"Why would you (European countries) support PKK, YPG?" asked Foreign Minister Mevlüt Çavuşoğlu on Tuesday during a joint news conference with Swedish counterpart Ann Linde.
"This is yet another proof of Europe’s hypocritical stance toward terrorism," he added.
“We expect more solid steps from Sweden in the fight against terrorism. PKK terrorist members engage in attacks on our citizens in the country, including on Kurdish people, and carry out forcible money collection,” he added, underlining strongly that none of these activities comply with the notion of freedom of speech and that those activities, including the financing of terrorism, are activities banned by international law.
There are more than 115,000 Turkish citizens in Sweden, the minister pointed out, saying that these prove a significant bridge between the two countries.
The PKK terror group continues using the European Union's territory for propaganda, recruitment, fundraising and logistical support activities, according to a report by the EU's law enforcement agency released this June.
Europol's annual terrorism report, titled "European Union Terrorism Situation and Trend Report 2020," suggested the PKK is actively engaged in propaganda activities as well as collecting money in European countries.
Turkey has long criticized European authorities for tolerating PKK activities in the country and has pressured them to take stricter measures against the propaganda, recruitment and fundraising activities of the group.
Upon Çavuşoğlu’s remarks on the fight against terrorism, Linde argued that Sweden is also contributing to international efforts in this manner and is part of the international coalition against Daesh just as Turkey is.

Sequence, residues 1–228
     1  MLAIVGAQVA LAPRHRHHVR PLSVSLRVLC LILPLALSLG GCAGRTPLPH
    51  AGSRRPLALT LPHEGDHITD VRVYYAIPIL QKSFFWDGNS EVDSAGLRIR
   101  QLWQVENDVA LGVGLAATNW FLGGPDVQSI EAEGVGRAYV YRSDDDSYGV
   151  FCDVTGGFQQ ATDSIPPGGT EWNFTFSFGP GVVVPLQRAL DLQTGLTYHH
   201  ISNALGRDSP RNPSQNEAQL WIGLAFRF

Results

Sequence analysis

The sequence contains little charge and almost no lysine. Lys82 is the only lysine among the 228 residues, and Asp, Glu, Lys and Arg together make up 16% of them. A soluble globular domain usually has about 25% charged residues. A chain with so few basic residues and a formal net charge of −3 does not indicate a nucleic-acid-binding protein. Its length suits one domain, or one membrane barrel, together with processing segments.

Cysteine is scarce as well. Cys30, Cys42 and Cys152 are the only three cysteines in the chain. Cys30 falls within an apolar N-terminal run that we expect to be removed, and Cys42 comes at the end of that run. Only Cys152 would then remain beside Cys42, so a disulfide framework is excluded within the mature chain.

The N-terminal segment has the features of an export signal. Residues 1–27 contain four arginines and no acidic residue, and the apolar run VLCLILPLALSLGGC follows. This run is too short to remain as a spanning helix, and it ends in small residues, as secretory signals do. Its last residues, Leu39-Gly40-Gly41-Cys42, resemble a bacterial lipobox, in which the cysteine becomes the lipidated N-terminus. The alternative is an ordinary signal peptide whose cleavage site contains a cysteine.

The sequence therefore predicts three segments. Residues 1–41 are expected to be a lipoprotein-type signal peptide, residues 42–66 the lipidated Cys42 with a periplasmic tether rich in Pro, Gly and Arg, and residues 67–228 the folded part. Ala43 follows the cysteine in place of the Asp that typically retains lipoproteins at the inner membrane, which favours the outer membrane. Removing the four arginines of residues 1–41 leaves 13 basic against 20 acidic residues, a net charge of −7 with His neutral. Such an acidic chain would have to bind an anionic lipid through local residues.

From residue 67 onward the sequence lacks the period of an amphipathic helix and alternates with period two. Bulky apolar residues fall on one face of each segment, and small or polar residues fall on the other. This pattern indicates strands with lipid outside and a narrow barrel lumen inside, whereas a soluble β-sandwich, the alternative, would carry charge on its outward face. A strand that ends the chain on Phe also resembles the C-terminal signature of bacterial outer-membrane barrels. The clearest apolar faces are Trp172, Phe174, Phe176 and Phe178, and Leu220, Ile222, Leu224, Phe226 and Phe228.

Saying that the PKK is recognized as a terrorist organization by both Sweden and the EU, Linde stated: “However, other organizations such as the SDF are not listed as terrorist organizations. This organization has contributed to the fight against Daesh. We have to continue dialogue with them for the sake of stability and peace in Syria. We always reserve our right to meet with different actors in different issues.”
The SDF is a rebranded version of the PKK’s Syrian wing the YPG and with which the U.S. has partnered under the pretext of fighting Daesh.
Turkey had previously slammed Linde’s remarks against Ankara's military operation in northeastern Syria in July while meeting via video link with members of the PYD/YPG/PKK terrorist organization. Linde also had previous meetings with the terrorist organization.
In its more than 40-year terror campaign against Turkey, the PKK – listed as a terrorist group by Turkey, the U.S. and the EU – has been responsible for the deaths of 40,000 people, including women and children.
“There are a range of issues not agreed on by Turkey and Sweden,” Linde said, reiterating that Sweden invites Turkey to withdraw from northern Syria.
“With whose authority are you asking Turkey to withdraw from Syria? Has the regime in Syria given Sweden or the EU such an authority? In every meeting, in the Sochi, Astana meetings as well as in every text, we underline Syria’s territorial integrity,” Çavuşoğlu responded.
“We do not want to divide Syria, but you tell Turkey to withdraw from Syria to support the PKK – which wants to divide Syria,” he added.